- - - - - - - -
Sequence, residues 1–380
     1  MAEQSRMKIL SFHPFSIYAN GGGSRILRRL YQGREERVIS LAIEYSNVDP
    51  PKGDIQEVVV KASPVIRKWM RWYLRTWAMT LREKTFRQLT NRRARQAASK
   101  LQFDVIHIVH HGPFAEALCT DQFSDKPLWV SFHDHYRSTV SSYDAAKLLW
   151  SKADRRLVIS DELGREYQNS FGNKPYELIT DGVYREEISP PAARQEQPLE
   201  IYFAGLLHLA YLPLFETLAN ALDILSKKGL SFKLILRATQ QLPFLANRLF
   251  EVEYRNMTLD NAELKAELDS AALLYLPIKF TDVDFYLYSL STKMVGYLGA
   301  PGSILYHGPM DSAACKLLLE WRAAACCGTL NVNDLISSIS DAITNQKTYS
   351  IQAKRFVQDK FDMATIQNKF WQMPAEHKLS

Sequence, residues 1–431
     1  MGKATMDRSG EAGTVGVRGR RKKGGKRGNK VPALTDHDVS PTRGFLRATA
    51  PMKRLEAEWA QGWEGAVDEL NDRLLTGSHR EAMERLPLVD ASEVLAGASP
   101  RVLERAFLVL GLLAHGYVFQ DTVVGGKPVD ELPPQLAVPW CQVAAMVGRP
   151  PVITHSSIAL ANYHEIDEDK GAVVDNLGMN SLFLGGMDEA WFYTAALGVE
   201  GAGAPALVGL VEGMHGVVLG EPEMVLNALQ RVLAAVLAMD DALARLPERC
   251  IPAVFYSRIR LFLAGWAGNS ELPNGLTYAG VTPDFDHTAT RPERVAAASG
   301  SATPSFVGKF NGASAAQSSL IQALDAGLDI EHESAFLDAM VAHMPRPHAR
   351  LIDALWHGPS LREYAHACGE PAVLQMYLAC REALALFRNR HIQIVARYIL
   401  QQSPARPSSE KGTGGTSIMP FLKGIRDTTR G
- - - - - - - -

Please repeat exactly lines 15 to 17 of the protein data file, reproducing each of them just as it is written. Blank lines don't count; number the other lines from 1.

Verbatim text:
   201  GAGAPALVGL VEGMHGVVLG EPEMVLNALQ RVLAAVLAMD DALARLPERC
   251  IPAVFYSRIR LFLAGWAGNS ELPNGLTYAG VTPDFDHTAT RPERVAAASG
   301  SATPSFVGKF NGASAAQSSL IQALDAGLDI EHESAFLDAM VAHMPRPHAR